Satellite images of February 11 this year, the day after Indian and Chinese forces started withdrawing from the South Pangong heights in Eastern Ladakh, show Indian and Chinese posts located approximately 150 metres from each other, a clear indicator of the extent of the military build-up of both sides at the height of the tensions between the two sides.
The images, recently updated on Google Earth Pro, show tents and housing for soldiers at an altitude of 17,000 feet in the Rezang La area of South Pangong. An Army source NDTV spoke to says in certain locations, they were even closer. ”At places along the Kailash Range, tanks of each side were within 50 metres of each other.” The Google Earth imagery described here does not show tanks which were mutually withdrawn a day earlier on January 10.
The images of the area show two major Indian Army positions, each with dozens of olive green and alpine white camouflage tents precariously perched just beneath a ridge-line which Google Earth marks as the Line of Actual Control in the area. Some Indian tents are located beyond this LAC marking. Army sources say Indian soldiers were only deployed within India’s perception of the Line of Actual Control which may not precisely match what is shown on Google Earth. All Indian positions in the Rezang La area are fed by a road which ascends the steep hill-feature from an altitude of 15,400 feet to approximately 17,000 feet where the bulk of Indian forces were deployed.
China’s counter-deployment, located right next to that of the Indian Army, was also based on a pre-existing all-weather track. This stretches approximately 10 km to Chinese positions further afield, along the banks of the Spanggur Lake. The new satellite images also show a massive Chinese build up of military positions, including artillery gun emplacements and infrastructure in their rear-positions located approximately 10-12 kilometres from the site of the faceoff described here.
In late August last year, after Chinese forces refused to vacate their positions on the North Bank of the Pangong Lake in Eastern Ladakh, the Indian Army occupied high altitude positions of the Kailash range on the South Bank of the Lake, thereby dominating Chinese positions further afield. Indian soldiers stuck to their ground despite multiple efforts by the Chinese Army to get them to vacate their posts. Both sides ultimately deployed tanks and Armoured Personnel Carriers, triggering an eye-ball to eye-ball standoff which threatened to escalate at any moment.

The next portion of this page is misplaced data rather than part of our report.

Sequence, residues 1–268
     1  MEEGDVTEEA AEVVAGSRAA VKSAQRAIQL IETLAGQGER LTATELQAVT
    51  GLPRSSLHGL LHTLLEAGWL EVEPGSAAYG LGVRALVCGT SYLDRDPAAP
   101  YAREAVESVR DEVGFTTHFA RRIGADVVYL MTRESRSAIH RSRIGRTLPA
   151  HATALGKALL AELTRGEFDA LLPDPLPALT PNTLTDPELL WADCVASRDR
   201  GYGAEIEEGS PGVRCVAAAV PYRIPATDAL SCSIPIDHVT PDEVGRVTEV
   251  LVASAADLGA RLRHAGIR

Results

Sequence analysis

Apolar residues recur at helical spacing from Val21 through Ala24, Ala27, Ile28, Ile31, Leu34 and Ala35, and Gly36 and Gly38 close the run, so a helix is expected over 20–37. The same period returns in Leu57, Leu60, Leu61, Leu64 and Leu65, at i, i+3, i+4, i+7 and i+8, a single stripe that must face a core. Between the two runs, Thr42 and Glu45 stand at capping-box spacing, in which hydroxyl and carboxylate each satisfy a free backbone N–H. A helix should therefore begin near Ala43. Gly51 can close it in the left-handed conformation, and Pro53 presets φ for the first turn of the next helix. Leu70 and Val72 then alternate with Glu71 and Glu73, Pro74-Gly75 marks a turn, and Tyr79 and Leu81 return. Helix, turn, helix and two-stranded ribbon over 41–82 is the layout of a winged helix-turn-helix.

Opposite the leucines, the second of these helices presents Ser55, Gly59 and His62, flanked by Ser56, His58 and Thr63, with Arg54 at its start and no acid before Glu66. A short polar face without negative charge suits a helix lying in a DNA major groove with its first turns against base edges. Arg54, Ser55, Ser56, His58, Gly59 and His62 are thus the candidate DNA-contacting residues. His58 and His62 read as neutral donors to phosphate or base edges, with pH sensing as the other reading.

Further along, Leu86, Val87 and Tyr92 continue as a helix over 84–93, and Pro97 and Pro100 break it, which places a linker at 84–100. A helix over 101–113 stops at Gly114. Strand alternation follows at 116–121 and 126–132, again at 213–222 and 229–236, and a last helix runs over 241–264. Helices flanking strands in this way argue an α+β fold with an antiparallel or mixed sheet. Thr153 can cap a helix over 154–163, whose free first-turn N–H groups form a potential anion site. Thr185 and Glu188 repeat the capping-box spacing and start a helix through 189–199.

Despite gaining the upper-hand in South Pangong, India accepted the terms of a mutual descalation in the region in February this year linked to a broader plan to de-escalate along all contested areas in Eastern Ladakh. “I want to assure this House that in these talks we have not conceded anything,” Defence Minister Rajnath Singh told parliament on February 11. “These are mutual and reciprocal steps and any structures that had been built by both sides since April 2020 in both North and South Bank areas will be removed and the landforms restored,” he said.
Despite multiple rounds of subsequent military talks, Chinese forces remain within Indian territory in areas that they illegally occupied in April-May last year. This includes Hot Springs, Gogra and Depsang, further to the North. Last week, the External Affairs Ministry said that both sides agreed to hold a 12th round of military commander talks to achieve complete disengagement from all friction points so as to ensure a full restoration of peace and tranquility” in bilateral relations.